MSU, Prestage Farms team up on swine research

STARKVILLE (AP) – Mississippi State University is partnering with Prestage Farms Inc. as its researchers prepare to resume swine-related studies.

The result has been the installation of feeders, a new watering system, a feed auger system to move feed to the pigs as needed and ventilation curtains that open and close automatically to control the temperature in the facility.

Mark Crenshaw, swine specialist with the MSU Extension Service, said the facility is located in the H.H. Leveck Animal Research Center. He said while it has housed pigs before, the building has been used as a multipurpose facility in recent years.

Crenshaw said the facility will not only house swine research but also provide students firsthand experience to prepare them for working in the swine industry.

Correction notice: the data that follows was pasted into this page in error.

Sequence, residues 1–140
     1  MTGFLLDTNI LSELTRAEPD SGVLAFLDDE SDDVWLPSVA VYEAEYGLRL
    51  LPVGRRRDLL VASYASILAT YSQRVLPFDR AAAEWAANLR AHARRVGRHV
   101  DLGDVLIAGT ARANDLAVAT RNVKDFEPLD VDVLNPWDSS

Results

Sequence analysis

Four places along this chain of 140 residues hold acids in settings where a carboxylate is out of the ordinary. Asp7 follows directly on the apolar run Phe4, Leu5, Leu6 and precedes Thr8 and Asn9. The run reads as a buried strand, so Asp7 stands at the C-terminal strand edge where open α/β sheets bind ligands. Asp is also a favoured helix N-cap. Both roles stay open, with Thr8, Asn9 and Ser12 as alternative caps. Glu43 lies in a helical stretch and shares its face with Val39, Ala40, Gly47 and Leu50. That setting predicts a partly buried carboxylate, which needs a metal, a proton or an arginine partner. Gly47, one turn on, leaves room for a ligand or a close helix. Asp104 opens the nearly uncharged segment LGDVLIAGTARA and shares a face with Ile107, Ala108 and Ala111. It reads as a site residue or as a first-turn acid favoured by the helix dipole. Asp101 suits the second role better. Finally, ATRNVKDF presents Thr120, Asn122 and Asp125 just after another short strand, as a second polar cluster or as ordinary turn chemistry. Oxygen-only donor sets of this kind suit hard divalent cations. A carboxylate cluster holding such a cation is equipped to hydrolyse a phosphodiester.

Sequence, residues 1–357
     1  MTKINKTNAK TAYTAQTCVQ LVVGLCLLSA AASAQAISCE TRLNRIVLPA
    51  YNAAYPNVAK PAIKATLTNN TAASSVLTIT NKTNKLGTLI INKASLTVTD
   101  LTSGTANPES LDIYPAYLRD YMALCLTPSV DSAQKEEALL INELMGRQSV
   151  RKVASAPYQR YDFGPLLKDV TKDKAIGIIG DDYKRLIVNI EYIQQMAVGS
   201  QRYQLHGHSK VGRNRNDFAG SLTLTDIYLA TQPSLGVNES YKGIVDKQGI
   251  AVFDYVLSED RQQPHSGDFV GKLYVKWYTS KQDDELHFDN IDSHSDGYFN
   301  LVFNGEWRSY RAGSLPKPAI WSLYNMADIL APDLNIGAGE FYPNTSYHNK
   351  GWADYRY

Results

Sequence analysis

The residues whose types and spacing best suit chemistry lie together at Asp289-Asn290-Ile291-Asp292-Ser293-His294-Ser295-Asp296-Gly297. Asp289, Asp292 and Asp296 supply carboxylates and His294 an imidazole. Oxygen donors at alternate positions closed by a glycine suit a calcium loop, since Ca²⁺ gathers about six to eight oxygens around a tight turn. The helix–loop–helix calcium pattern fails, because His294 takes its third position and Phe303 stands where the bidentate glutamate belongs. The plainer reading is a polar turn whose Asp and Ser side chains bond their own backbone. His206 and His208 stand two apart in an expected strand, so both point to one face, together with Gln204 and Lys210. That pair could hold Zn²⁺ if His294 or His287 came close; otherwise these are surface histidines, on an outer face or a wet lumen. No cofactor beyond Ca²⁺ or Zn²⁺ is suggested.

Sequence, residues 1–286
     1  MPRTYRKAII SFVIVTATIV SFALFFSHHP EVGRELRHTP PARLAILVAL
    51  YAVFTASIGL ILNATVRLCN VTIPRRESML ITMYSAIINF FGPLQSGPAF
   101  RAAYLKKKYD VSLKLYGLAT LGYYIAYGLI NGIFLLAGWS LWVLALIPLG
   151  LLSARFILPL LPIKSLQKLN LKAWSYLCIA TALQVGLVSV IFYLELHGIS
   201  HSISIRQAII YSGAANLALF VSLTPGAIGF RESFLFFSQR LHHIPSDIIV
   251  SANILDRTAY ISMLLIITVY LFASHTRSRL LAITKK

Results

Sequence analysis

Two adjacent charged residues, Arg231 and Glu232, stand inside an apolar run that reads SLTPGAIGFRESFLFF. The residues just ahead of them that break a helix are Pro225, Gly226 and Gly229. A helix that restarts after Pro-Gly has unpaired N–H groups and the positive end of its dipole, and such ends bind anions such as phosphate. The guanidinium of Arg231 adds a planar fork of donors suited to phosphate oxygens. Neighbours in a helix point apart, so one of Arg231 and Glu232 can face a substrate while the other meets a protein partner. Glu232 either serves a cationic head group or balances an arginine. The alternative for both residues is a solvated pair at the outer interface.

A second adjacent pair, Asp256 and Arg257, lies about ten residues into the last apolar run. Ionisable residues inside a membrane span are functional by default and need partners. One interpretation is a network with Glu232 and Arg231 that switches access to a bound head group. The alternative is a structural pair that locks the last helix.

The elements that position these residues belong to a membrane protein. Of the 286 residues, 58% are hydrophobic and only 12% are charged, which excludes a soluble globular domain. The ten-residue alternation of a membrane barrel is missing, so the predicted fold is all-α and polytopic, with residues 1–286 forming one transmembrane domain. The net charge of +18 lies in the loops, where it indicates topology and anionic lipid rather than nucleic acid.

“Pigs are used as models for a variety of research projects, and it will be good to have this basic livestock animal species once again in our research facility,” Crenshaw said.

The animals’ presence will give MSU students an opportunity to learn how to care for pigs and manage their needs.

Terry Emerson, general manager of Prestage Farms in West Point, said the partnership will help MSU get back into swine research.

“There is a need for land-grant universities to continue doing research for swine production,” Emerson said. “We’d like to see Mississippi State become more engaged in swine production and in the future of our industry.”

Shengfa Liao was recently hired in the animal and dairy sciences department. His work focuses on maximizing the efficiency of nutrient utilization by swine.

Liao said he will soon begin a two-year project to examine the role of amino acids in muscle growth in pigs. He will be working with about 60-80 young pigs at a time.

“I want to explore the biological mechanisms by which pigs utilize dietary amino acids so we can find ways of more efficiently producing quality pork products,” Liao said. “This involves improving the pigs’ ability to use nutrients and examining nutrients from alternative feedstuffs.”

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